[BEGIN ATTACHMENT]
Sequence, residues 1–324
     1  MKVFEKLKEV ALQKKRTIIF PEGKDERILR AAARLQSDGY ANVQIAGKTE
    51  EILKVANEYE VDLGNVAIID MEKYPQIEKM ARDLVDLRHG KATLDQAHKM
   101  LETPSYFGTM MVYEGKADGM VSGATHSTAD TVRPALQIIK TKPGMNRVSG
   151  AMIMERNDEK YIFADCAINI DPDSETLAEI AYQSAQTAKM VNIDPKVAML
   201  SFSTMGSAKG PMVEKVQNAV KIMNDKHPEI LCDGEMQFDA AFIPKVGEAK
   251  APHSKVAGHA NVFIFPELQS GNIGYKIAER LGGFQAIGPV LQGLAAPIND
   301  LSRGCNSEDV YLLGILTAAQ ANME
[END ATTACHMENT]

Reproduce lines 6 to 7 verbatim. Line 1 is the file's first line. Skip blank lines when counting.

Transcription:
   201  SFSTMGSAKG PMVEKVQNAV KIMNDKHPEI LCDGEMQFDA AFIPKVGEAK
   251  APHSKVAGHA NVFIFPELQS GNIGYKIAER LGGFQAIGPV LQGLAAPIND